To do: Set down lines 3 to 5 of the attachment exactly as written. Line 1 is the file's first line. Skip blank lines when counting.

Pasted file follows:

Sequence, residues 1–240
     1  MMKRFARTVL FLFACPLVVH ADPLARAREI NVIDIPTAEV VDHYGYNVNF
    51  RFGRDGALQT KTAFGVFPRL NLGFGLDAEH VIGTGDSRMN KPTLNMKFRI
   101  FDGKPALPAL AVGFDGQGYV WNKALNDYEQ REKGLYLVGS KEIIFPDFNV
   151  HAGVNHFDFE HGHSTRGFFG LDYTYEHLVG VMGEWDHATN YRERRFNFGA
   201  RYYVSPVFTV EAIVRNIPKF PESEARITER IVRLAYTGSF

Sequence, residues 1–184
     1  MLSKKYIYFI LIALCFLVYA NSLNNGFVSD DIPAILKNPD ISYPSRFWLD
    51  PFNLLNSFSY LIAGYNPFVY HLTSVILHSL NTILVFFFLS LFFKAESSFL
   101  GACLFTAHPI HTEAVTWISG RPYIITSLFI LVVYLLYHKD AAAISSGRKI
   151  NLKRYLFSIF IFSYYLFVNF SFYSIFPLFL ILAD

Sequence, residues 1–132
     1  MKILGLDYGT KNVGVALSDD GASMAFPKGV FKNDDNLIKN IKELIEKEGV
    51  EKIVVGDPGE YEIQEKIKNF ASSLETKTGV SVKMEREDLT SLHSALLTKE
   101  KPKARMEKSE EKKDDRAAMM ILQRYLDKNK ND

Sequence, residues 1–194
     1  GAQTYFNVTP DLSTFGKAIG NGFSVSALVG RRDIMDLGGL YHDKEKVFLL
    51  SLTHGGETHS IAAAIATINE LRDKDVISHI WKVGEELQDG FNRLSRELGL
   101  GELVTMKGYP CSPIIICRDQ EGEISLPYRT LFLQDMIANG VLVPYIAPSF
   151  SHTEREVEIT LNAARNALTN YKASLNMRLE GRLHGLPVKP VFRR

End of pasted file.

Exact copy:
    51  RFGRDGALQT KTAFGVFPRL NLGFGLDAEH VIGTGDSRMN KPTLNMKFRI
   101  FDGKPALPAL AVGFDGQGYV WNKALNDYEQ REKGLYLVGS KEIIFPDFNV
   151  HAGVNHFDFE HGHSTRGFFG LDYTYEHLVG VMGEWDHATN YRERRFNFGA